When Trayvon Martin was gunned down in February of 2012, suddenly my desires and small quips about the Christian concept of “sin” felt like first world problems. I spent months revisiting the thought that there are those of us for whom privileges like quality public education, the right to a fair trial/sentencing, and justice are readily attainable. And then there are marginalized groups like African Americans, for whom concepts like the American Dream are secondary to concerns about inequity, and straight up and down safety. I have not forgotten about the legacy of race and racism in this country. The mass slaughter of indigenous people, the Peculiar Institution—America’s history devastates me. It wounds even right now, writing these words in the privacy of my own home. But there’s a coping mechanism by which, given the right uniform, the right job title, the right manicured subdivision, one might trick himself into believing that charming and disarming his way out of micro-aggressions—the arts administrator’s comment about his good diction, the Wal-Mart patron’s “Do you work here?”—is a kind of privilege. I say “privilege” as opposed to being choked to death by a cop for loitering while black, recorded on a cellphone video. But all of these stressors weigh on my psyche, so why shouldn’t they weigh on my work?
Borrowing from Audre Lorde, I started writing again when I was reminded Poetry is not a luxury, and neither am I. Books and degrees be damned, a bullet could come for me in a Florida townhouse community or my downtown Lansing, Michigan loft.
I began to pen a series of “silencers”—poems that quietly address unchecked gun violence and police brutality against African Americans in the news, without specifically invoking case details. Over time my poems grew louder, more swaggering, diglossic.
After my reading at the elite private college but before the book signing, the same high-chinned man asks: “Are you aware that when you use slang in your poems, you alienate a large group of readers who take seriously literature?”
I tell him, “I imagine and hope most my readers don't look like you or operate from the same level of expectation (privilege). I mean, I really hope I'm not writing for just you.”
More often than I care to admit, and by way of the skin I’m in, I imagine standing too near a bullet and the shooter walking away scot-free. Sometimes my speakers think through this reality in terms of “the problem of evil” or theodicy, as in “Conjecture on the Stained Glass Image of White Christ at Ebenezer Baptist Church.” Sometimes they think through this reality using an “I” that actually is me. Sometimes I lie in my poems and that “I” is really my brother Brian or President Obama.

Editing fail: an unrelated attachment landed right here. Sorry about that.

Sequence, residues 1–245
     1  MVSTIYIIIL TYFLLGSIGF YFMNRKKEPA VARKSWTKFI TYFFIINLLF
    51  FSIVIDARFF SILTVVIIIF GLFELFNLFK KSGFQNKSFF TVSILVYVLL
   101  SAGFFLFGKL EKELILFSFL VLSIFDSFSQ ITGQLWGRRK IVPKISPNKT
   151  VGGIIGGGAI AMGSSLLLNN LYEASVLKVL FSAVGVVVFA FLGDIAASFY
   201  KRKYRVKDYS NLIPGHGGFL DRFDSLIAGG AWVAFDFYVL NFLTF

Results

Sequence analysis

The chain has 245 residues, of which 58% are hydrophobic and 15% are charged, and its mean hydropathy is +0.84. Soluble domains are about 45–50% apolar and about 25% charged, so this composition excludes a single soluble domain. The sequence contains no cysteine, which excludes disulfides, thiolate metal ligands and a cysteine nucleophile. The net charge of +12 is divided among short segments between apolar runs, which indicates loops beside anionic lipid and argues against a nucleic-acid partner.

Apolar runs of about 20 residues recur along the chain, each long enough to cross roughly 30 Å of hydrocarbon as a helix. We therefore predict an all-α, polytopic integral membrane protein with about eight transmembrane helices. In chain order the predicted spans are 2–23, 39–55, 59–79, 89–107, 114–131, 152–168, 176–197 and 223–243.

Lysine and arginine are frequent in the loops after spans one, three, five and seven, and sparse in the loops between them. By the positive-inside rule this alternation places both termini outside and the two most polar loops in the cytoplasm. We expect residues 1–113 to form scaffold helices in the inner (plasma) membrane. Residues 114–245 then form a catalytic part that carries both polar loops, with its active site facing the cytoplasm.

Because contemporary American poetry is married to the academy, I know a number of my readers will at least look like the high-chinned man. To him I offer political poems that operate like a sleight of hand. I get him liquored up for three couplets at a black-tie affair, tell a joke before the dramatic situation unfolds and I go for the throat. Six couplets in and the man realizes he’s not reading a poem about a cocktail party, but a twenty-first century hate crime in Birmingham, Alabama.
Silencer—formerly "Cul-de-sac Pastoral"—merges black culture, hip hop culture, parochial education, politics, and the politics of higher learning with my own lived experience as a black man in America, another kind of education. These components are a fact of my identity, a negotiation I juggle daily. Poetry is, perhaps, a luxury for the man who’d avoid my lines over a few unfamiliar words and phrases he could easily key into Google, but I suspect he’s lying to himself and it’s actually his fragility my voice has disturbed, or something uglier.
I’m writing about social justice out of gratitude for life, and worry. I’m writing to mark a dark time in this nation’s history. To remind a reader like me that some of us be always lesser-than, and often less than that—expendable. I’m writing so I don’t forget when the news cycle ends. I’m writing to see my way through. Writing for you, too.
Marcus Wicker was born in Ann Arbor, Michigan. He is the author of Silencer (2017) and Maybe the Saddest Thing (2012), which was selected by D.A. Powell for the National Poetry Series and a finalist for the NAACP Image Award. His awards include a Ruth Lilly Fellowship, Pushcart Prize, as...